On this day in 1869, President Ulysses S. Grant announces the death of former President Franklin Pierce. Pierce, whose presidency was remembered mostly for his failure to end the debate over slavery, had died the day before at his home in Concord, New Hamsphire.
Pierce was, and remains, the only president to hail from New Hampshire. He studied law in college and was elected to the New Hamsphire state legislature in 1828. In 1832, he won a seat in the U.S. Senate.
The Mexican War of 1848, in which Pierce served with distinction with the U.S. Army, briefly interrupted his political career. In 1852, he returned to politics and was chosen from relative obscurity as the Democratic nominee for the presidency. Upon winning the job in 1853, he promised to maintain the status quo of the Compromise of 1850—a bill that put off the decision on slavery in four new western territories and admitted California as a free state, but instituted the Fugitive Slave Act, requiring citizens to assist in the capture of slaves attempting to escape bondage. This was seen as appeasing southern pro-slavery elements and his willingness to do so gradually earned him the wrath of his former support base of northern abolitionists. The Democrats’ own campaign slogan in the next presidential race became “anyone but Pierce.”
Pierce and his wife Jane had three boys. Their first child died in infancy; a second, Franky, died at age four from typhus; and their third son, Benny, was killed in a train wreck from which Pierce and his wife escaped alive. This string of tragedies drove Pierce to binge drink. He also suffered from chronic nervous exhaustion. By the end of his single term in the White House a Philadelphia Enquirer reporter described Pierce as “a wreck of his former self…his face wears a hue so ghastly and cadaverous that one could almost fancy he was gazing on a corpse.”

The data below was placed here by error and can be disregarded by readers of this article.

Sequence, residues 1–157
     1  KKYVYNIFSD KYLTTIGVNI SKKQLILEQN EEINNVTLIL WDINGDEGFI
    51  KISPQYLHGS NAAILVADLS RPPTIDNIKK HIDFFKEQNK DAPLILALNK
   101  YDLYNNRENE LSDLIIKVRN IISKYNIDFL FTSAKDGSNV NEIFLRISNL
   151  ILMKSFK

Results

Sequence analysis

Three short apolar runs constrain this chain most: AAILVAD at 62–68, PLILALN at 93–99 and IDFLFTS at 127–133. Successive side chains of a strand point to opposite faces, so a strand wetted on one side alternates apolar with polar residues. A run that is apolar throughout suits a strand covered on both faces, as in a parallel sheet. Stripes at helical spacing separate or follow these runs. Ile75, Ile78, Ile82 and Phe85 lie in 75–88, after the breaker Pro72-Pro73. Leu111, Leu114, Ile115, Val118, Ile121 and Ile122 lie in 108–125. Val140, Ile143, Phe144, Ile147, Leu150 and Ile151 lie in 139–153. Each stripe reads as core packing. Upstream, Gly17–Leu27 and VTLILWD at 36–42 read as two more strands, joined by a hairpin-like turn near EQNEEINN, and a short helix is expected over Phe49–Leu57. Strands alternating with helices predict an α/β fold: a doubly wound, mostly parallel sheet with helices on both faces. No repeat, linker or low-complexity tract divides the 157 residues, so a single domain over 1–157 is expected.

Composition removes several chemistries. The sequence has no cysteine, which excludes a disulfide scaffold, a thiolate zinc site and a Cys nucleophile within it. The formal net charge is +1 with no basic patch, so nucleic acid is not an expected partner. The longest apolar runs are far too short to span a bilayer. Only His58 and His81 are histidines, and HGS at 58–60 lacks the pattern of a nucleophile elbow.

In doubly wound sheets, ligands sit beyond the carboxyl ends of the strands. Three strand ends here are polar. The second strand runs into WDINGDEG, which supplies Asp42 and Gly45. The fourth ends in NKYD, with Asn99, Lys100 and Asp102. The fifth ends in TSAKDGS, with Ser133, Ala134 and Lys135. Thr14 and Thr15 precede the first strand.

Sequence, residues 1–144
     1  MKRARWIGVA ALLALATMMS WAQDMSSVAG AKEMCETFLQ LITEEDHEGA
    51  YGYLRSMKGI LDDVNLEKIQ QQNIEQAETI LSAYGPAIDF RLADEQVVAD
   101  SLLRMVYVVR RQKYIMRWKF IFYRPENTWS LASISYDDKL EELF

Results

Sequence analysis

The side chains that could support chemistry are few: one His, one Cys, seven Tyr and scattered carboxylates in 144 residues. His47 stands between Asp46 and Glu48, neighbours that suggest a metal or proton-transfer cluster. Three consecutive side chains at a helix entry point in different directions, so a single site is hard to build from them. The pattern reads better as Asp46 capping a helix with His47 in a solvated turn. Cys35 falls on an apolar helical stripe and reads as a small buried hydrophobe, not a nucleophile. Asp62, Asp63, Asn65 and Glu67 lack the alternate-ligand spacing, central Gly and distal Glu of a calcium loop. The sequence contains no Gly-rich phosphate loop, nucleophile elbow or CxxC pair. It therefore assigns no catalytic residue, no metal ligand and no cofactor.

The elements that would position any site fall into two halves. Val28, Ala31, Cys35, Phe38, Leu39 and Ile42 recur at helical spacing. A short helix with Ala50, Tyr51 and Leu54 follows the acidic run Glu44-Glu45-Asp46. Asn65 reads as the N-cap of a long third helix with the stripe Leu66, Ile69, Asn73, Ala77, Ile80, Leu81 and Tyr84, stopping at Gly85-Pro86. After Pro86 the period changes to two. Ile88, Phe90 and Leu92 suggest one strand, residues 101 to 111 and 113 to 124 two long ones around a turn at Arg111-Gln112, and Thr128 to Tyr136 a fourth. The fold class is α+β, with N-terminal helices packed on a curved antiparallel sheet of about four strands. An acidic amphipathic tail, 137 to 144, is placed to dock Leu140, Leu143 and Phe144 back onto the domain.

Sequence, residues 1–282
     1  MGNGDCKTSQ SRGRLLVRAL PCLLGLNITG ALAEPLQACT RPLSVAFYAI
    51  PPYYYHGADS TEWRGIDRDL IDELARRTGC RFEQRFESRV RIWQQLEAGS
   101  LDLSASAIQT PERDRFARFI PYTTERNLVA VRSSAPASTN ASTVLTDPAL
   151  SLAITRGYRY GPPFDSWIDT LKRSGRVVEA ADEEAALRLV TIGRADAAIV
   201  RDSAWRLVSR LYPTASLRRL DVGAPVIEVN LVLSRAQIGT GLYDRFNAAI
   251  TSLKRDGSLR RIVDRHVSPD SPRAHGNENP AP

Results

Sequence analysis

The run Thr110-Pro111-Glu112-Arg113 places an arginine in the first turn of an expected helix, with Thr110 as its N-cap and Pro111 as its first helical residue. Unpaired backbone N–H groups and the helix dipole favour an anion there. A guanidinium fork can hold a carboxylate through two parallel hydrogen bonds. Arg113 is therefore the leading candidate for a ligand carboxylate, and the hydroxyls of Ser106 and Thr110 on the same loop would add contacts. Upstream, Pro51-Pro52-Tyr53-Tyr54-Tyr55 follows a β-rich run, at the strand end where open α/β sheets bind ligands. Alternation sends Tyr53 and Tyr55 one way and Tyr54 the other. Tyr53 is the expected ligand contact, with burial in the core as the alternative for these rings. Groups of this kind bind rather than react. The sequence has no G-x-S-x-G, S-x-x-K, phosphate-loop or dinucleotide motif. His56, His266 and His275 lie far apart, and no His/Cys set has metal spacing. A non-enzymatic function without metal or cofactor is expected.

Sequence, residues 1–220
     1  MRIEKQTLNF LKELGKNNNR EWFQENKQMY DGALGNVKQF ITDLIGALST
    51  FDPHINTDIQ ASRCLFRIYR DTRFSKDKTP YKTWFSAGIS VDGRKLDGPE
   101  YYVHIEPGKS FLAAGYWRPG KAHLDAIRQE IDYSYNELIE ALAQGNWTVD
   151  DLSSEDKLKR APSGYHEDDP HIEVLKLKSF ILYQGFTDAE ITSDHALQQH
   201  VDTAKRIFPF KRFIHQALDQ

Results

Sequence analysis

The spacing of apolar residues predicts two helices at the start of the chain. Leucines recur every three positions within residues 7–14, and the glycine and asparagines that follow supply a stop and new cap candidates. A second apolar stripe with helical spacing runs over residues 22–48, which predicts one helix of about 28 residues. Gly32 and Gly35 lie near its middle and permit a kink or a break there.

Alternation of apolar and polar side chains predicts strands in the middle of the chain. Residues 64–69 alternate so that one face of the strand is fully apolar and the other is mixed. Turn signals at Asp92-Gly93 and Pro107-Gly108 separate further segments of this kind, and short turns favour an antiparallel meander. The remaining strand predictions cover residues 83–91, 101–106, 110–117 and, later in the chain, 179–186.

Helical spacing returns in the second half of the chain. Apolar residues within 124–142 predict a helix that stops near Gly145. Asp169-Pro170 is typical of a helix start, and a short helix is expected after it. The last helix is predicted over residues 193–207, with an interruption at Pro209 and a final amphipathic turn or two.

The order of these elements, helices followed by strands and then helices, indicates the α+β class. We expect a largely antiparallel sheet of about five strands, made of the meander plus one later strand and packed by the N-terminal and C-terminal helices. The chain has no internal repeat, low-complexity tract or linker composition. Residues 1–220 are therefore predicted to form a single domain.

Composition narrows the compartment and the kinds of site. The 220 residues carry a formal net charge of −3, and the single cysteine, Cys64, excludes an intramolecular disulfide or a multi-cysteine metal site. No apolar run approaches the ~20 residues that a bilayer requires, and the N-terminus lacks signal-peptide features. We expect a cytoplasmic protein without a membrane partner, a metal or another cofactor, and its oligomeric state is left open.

Upon leaving office in 1857, Pierce was asked what he would do next; he allegedly replied “there’s nothing left [to do] but get drunk.” Although the Democrats urged him to run for president again in 1856 and 1860, he refused. The effects of alcoholism led to his death in 1869 at the age of 65. Upon his death, Grant arranged for “suitable military and naval honors” for Pierce’s funeral and, in keeping with tradition, ordered flags flown at half-staff on all federal buildings.